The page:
A law professor’s critique
Writing in the Huffington Post August 10, University of California, Berkeley, law professor Pamela Samuelson called the settlement, if approved, “the most significant book industry development in the modern era. Exploiting an opportunity made possible by lawsuits brought by a small number of plaintiffs on one narrow issue, Google has negotiated a settlement agreement designed to give it a compulsory license to all books in copyright throughout the world forever.”
Samuelson contends that Google, which had a good case that its scanning was fair use, chose to settle with the plaintiffs, the Association of American Publishers (AAP) and the Authors Guild (AG), because it could then get access to the universe of books. And the APP and AG would be willing to settle because they’d get a privileged position as representatives of the larger classes.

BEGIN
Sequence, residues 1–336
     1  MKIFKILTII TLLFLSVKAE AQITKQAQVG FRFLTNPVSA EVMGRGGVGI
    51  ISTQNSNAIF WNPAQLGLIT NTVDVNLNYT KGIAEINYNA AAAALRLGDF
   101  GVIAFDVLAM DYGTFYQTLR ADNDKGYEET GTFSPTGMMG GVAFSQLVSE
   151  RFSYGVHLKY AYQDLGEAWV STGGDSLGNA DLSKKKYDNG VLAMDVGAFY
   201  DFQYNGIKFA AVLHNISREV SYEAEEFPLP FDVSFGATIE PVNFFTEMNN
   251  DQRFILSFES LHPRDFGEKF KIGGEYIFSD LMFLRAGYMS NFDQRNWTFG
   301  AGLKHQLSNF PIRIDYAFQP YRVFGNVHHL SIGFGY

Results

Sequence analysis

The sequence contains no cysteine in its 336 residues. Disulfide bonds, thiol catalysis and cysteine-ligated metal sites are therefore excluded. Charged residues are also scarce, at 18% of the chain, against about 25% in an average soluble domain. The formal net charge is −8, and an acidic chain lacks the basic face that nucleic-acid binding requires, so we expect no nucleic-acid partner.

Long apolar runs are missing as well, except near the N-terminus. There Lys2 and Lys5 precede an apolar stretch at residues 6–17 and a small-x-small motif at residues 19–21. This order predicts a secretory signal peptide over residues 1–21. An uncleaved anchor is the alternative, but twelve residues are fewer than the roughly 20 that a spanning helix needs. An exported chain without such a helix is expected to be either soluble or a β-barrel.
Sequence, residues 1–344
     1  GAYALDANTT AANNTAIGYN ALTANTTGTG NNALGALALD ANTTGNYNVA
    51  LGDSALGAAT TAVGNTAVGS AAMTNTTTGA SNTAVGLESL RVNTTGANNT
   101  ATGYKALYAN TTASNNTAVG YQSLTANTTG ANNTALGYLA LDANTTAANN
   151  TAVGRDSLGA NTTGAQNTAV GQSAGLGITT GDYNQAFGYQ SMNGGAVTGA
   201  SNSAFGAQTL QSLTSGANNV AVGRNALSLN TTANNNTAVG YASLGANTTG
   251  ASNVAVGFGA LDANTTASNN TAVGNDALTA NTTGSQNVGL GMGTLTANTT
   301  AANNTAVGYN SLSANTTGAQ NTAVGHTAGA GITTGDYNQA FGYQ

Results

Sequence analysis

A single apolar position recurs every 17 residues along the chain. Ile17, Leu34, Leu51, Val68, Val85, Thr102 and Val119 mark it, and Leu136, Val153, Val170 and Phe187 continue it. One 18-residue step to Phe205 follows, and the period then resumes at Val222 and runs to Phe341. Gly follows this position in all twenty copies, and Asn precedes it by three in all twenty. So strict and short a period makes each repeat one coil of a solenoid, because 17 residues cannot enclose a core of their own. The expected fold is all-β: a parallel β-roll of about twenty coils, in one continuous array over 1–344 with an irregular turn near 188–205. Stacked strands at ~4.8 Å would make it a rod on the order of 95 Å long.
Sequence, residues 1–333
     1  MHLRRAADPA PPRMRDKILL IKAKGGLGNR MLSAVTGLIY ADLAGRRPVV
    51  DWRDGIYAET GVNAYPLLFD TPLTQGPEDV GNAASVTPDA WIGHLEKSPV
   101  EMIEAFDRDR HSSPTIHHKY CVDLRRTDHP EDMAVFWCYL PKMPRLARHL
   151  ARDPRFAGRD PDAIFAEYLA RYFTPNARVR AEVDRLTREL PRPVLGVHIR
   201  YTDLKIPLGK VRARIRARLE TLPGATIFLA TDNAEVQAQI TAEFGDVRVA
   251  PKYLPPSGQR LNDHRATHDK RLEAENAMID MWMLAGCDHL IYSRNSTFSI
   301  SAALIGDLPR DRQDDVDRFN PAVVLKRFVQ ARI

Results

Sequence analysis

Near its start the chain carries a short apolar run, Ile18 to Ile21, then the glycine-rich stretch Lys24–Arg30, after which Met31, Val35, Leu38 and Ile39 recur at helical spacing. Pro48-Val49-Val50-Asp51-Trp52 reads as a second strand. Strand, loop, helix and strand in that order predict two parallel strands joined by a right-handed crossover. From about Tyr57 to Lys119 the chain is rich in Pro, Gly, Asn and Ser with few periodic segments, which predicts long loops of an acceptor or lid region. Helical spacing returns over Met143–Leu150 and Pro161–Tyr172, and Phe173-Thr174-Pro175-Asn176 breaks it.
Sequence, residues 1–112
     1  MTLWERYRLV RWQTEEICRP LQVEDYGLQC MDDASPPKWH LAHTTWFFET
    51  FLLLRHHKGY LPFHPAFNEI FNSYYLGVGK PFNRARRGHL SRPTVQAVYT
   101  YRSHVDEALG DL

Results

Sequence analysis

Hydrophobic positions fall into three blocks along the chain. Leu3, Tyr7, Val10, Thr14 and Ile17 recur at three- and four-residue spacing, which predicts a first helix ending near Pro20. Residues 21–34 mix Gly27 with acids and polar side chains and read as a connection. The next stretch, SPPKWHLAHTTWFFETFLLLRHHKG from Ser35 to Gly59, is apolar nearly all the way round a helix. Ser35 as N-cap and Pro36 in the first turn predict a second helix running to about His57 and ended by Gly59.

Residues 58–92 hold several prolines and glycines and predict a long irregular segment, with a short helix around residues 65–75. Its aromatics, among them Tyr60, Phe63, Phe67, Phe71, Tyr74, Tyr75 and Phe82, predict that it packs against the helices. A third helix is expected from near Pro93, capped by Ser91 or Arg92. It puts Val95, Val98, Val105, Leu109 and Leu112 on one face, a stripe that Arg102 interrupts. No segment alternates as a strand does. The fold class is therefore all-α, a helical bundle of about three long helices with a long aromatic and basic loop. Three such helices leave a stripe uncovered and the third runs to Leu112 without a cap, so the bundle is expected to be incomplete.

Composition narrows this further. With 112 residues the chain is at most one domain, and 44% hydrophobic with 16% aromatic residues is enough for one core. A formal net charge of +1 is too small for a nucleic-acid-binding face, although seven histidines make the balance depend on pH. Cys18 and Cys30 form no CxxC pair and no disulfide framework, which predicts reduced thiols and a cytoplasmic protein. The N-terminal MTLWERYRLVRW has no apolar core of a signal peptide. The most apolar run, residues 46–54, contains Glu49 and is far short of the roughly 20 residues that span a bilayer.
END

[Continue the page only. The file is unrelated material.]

Questions of fairness
Samuelson questions whether the AAP and AG were fair representatives of the larger classes, and whether the Book Rights Registry can represent “the thousands of times larger and more diverse class of authors and publishers of books from all over the world.”
She noted, for example, that many academic authors “would much rather make their works available on an open access basis than to sign up with the Registry.”
Her subsequent column will explore why the Antitrust Division is investigating. In response, Law professor Mike Madison predicted, “The Justice Department will, in the end, facilitate a deal that gives other book scanning projects a release regarding orphan works that is comparable to what Google is getting via the settlement.”